A New Breakthrough in the Understanding of the Pathobiology of Stroke

The INR has made a stunning discovery: that the neurological status of patients following stroke, even years after the acute event, may rapidly improve following the use of an anti-TNF therapeutic.

Please see:

  1. Selective TNF Inhibition for Chronic Stroke and Traumatic Brain Injury – An Observational Study Involving 629 Consecutive Patients Treated With Perispinal Etanercept. Edward Tobinick MD, Nancy M. Kim, Gary Reyzin, Helen Rodriguez-Romanacce and Venita DePuy. CNS Drugs. 2012 26(12).
  2. Rapid improvement of chronic stroke deficits after perispinal etanercept: three consecutive cases. Edward Tobinick MD. CNS Drugs. 2011 Feb;25(2):145-155.
  3. Deciphering the physiology underlying the rapid clinical effects of perispinal etanercept in Alzheimer’s disease. Edward Tobinick MD. Curr Alzheimer Res. 2012 Jan;9(1):99-109.

These published results, and the subsequent clinical experience of INR physicians, suggest that excess TNF plays an important role in post-stroke chronic disability and establish the promise that the INR’s patented anti-TNF treatment presents for stroke recovery and stroke rehabilitation. Results can vary, and more than one dose may be necessary for optimal benefit, but these results represent a new breakthrough in the understanding of the neurological basis of chronic brain dysfunction following stroke.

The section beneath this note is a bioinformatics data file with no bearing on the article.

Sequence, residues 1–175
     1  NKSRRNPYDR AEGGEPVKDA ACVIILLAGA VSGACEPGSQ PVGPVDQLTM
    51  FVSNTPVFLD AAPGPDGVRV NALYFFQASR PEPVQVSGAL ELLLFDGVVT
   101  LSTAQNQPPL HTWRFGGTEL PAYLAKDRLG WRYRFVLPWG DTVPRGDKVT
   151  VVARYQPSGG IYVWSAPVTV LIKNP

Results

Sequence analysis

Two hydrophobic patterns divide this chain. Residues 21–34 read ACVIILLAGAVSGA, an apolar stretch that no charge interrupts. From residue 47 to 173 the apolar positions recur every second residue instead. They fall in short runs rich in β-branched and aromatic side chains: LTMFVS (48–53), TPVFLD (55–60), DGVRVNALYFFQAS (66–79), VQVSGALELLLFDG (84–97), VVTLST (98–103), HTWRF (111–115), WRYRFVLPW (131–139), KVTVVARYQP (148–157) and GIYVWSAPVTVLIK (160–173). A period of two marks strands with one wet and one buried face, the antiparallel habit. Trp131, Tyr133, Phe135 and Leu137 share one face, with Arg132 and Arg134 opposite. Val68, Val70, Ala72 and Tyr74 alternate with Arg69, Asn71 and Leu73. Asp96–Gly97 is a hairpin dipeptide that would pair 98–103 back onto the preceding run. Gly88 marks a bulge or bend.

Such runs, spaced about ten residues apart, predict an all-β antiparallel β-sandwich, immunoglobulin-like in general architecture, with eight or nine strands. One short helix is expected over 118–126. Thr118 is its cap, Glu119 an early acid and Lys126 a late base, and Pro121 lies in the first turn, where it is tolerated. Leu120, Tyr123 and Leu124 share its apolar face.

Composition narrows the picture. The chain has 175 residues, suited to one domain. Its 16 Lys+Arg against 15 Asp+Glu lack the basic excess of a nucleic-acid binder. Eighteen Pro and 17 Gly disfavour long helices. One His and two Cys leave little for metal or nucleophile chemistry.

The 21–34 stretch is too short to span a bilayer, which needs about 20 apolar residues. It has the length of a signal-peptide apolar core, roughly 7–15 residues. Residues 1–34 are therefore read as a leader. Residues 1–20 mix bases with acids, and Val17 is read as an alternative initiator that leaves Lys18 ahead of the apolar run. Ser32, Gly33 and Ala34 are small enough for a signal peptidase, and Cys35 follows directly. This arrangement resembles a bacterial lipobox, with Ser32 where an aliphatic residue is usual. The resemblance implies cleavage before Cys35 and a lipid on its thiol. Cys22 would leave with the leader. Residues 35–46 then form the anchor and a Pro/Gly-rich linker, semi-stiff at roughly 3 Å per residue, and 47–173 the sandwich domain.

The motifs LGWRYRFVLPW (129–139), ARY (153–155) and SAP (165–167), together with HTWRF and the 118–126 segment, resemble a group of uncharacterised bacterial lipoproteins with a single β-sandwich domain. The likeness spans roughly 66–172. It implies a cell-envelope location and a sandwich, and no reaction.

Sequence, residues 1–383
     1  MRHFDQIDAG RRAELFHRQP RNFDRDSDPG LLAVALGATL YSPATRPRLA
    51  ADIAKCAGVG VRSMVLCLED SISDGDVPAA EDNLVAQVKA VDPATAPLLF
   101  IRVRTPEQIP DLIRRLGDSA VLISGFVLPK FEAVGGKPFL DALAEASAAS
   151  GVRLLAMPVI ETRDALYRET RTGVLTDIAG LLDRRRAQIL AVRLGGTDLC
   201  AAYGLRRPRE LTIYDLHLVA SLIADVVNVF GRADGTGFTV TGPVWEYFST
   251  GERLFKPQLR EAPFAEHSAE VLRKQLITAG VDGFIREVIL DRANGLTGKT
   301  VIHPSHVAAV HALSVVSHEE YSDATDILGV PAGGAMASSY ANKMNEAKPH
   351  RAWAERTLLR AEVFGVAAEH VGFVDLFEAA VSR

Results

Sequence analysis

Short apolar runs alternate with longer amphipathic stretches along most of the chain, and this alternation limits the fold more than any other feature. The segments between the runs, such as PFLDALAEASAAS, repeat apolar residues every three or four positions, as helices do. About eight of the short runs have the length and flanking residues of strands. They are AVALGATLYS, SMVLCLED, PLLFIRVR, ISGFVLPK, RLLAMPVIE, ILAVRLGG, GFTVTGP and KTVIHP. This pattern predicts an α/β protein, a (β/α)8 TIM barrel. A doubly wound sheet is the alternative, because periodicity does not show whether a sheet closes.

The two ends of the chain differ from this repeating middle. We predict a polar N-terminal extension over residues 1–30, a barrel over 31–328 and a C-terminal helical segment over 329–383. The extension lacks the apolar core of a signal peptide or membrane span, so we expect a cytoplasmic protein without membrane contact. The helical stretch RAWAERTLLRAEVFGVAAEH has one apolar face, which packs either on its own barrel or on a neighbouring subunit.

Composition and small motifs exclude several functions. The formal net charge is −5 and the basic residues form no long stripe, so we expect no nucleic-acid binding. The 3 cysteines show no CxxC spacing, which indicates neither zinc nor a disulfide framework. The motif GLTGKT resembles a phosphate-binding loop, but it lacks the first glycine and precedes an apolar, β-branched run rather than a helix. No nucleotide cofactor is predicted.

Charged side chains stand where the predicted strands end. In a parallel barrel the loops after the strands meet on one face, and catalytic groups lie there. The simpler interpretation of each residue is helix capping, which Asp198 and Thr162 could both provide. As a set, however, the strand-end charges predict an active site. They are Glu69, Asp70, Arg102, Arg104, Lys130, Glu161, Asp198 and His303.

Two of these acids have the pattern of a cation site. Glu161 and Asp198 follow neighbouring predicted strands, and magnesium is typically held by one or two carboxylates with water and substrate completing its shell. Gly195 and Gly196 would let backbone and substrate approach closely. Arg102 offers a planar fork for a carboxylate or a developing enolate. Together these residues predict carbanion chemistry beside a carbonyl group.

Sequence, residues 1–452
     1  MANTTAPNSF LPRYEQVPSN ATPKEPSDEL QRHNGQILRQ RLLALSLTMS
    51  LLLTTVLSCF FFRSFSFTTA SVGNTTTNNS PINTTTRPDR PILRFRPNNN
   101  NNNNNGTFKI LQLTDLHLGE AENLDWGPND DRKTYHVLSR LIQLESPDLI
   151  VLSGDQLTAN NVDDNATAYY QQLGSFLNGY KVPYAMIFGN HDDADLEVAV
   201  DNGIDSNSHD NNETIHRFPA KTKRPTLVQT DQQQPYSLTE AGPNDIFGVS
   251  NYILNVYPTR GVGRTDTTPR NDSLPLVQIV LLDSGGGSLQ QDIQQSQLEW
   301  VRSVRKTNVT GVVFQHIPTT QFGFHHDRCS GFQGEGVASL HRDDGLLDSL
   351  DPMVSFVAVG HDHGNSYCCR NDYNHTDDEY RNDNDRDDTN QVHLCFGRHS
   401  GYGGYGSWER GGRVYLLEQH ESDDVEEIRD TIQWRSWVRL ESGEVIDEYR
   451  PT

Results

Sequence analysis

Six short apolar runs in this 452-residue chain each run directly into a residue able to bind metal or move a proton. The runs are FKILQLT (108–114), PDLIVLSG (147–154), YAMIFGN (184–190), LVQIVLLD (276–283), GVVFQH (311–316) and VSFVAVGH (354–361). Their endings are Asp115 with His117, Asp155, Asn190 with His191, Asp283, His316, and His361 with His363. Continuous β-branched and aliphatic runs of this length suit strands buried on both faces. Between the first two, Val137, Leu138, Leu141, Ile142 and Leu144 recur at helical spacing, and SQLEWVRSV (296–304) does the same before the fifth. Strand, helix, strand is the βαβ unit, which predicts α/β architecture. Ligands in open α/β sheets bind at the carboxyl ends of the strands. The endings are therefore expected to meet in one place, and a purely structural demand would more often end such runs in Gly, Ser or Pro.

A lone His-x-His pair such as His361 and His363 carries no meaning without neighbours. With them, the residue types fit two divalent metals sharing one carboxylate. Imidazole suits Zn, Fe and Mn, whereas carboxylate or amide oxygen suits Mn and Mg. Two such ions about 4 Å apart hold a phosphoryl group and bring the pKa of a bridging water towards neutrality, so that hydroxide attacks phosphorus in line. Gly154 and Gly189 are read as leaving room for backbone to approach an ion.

For further detailed information, please visit the INR stroke website, or click here.

Consultation for Stroke at the INR

Patients who have experienced stroke often have weakness or decreased sensation in one half of the body, cognitive or speech difficulties, or other neurological problems that can last for years. Consultation with an INR physician following hospital discharge is encouraged, even if the stroke has occurred years before. Please call the INR ((310) 824-6199 (California) or, in Florida (561) 353-9707 for further information.

What is Stroke?
A stroke occurs when the blood supply to part of the brain is suddenly interrupted or when a blood vessel in the brain bursts, spilling blood into the spaces surrounding brain cells. Brain cells die when they no longer receive oxygen and nutrients from the blood or there is sudden bleeding into or around the brain. The symptoms of a stroke include sudden numbness or weakness, especially on one side of the body; sudden confusion or trouble speaking or understanding speech; sudden trouble seeing in one or both eyes; sudden trouble with walking, dizziness, or loss of balance or coordination; or sudden severe headache with no known cause. There are two forms of stroke: ischemic – blockage of a blood vessel supplying the brain, and hemorrhagic – bleeding into or around the brain, including ICH (intra-cerebral hemorrhage and SAH (subarachnoid hemorrhage).

Chronic neurological consequences of stroke